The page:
Wille, while, welle, wile — will, that is, desire, and will guiding itself — this is where things go wrong. At this point, we leave the harmonious (super)natural world and enter in to a version of the Roman de la Rose, where desire and will lead all astray. Nothing is settled.
This led us to a consideration of the problem of “common profit.” Is this a kind of oxymoron? Doesn’t profit, which is extra, somehow work against thecommon, the usual, the selfsame, and the predictable? Where does desire fit into this, then?
We took a break to talk about the introduction to Haraway’s When Species Meet and also watched some canine agility training (your professor got particularly excited). What are some of her main arguments? We pointed out how Haraway contests the tragic mode of Derrida: is our relationship to our domestic animals always only one of mystery and shame? Is this really how we engage with our cats? We observed how Barbara Smuts leaves animals in the time(lessness) of evolution, and how she needs Derrida to complicate her picture of time. We contested her notion that it’s “turtles all the way down.” First, there’s the way object-oriented ontology contests Haraway’s process ontologies: what about the way that things are not entirely available to each other or don’t understand each other, or how umwelten (environments) are always insufficient to apprehend fully the things that they come in contact with. And then there’s actual lived experience: those we are, scientifically speaking, turtles all the way down — we really are walking ecosystems, even or especially on the cellular level — in a lived experience, we feel ourselves to be individuals, and we feel that our deaths are the real end of something. As they are. Does Haraway’s turtling “undermine” our lived experience by proposing a more real scientific level? We hope not.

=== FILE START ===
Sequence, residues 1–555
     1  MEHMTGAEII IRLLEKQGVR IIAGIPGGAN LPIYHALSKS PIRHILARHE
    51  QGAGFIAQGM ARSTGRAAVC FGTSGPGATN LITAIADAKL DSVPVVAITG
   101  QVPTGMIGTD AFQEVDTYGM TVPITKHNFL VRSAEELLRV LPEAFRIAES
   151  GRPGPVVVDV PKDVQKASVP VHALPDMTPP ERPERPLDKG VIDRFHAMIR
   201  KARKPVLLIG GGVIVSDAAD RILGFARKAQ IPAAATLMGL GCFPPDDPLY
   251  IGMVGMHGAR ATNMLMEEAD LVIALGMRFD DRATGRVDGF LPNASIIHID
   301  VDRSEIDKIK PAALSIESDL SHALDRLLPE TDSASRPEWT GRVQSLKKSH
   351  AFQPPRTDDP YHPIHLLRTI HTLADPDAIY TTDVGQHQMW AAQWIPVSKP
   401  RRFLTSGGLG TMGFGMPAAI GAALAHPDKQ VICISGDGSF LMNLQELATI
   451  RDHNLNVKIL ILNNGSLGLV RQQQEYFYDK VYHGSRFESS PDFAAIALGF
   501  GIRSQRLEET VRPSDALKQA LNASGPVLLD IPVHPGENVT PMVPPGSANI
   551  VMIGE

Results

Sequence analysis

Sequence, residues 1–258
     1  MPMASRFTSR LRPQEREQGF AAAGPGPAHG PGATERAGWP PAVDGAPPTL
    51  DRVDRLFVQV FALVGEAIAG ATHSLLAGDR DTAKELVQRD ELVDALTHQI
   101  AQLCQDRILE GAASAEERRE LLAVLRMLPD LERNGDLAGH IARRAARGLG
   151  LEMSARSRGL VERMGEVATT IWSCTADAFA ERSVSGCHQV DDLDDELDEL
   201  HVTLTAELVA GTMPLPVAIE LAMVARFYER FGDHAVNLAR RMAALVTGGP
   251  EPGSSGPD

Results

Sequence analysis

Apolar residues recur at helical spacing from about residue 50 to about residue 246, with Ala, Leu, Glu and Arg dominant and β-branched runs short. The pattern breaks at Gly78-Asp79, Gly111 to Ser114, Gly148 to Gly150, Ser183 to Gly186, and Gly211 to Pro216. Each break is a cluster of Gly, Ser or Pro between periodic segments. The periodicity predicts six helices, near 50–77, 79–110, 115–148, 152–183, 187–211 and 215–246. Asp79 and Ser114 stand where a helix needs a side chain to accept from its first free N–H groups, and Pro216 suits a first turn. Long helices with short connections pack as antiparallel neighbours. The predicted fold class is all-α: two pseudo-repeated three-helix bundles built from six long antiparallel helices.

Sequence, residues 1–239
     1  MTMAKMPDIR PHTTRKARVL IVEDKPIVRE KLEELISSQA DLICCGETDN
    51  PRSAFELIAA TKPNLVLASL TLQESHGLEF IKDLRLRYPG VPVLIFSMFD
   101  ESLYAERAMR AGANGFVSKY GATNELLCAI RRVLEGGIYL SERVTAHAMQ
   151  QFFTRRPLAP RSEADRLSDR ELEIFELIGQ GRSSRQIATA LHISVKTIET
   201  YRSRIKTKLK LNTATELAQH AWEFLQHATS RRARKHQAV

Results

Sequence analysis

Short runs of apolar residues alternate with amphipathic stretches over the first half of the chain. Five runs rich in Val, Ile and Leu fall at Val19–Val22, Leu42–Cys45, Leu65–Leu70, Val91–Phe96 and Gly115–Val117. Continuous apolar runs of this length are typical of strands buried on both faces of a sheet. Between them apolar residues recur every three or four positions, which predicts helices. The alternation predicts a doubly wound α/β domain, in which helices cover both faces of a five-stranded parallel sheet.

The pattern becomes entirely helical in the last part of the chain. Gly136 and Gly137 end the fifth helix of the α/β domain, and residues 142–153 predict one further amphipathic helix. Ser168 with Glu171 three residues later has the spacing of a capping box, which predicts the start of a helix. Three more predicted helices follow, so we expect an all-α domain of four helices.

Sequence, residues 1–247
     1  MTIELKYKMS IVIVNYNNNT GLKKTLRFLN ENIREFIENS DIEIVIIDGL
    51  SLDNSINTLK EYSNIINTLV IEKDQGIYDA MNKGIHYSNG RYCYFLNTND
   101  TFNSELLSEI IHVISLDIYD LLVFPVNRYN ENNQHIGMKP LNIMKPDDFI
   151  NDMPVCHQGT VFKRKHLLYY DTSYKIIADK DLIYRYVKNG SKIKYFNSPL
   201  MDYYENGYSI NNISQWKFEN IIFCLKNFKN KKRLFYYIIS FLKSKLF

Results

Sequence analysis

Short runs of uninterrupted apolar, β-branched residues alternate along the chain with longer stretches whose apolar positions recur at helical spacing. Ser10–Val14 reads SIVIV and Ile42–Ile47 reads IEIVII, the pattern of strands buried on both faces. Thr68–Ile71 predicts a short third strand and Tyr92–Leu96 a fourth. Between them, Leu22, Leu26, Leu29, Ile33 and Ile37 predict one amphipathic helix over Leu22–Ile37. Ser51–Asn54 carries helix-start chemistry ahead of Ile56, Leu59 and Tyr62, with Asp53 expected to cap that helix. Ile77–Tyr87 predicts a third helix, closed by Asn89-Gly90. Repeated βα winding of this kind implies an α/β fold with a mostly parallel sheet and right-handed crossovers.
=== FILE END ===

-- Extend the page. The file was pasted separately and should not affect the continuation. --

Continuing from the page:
And then to the House of Fame, all too briefly.
I showed some sources. Metamorphoses for the House itself; Vitruvius 5, 3, 6 for the model of sound waves as ripples in water; and AugustineConfessions and City of God for everything having its own natural place (and also some intractable humanism). Here it’s LOVE that makes us want to ascend. But for Chaucer, as for Aristotle (//Physics// 8.4), the motion, whether of sound or anything else, is totally natural.
Several other things about House of Fame: Chaucer has to realize the radical insufficiency of his body: he needs the eagle, so so much for the superiority of the human body in the “homo erectus” topos. I would also say that though Chaucer says he is no Ganymede (589), he is, after all, being taken to heaven by an emissary of Jupiter: he’s like a little boy being taken up by a lusty eagle, which is to say, this is quite a queer moment.
And then there’s the modeling of sound. If the human voice is, to the air, like the squeaking of a mouse or the violent noise of a pipe, if the voice is just broken air, then we’re hearing speech from the perspective of the air. Very ecological! And very nonhuman in its account of the rational voice, that one quality that supposedly separates humans from everything else in this world.
And the voice ascends to Fame not through love but through a purely mechanical process. One has to presume that the world up there is also populated by virtual mice and noisy tables as well as virtual people.
And then we have the eels/humans at the end, which contrasted, for at least one of us, with the desert at the end of Book I.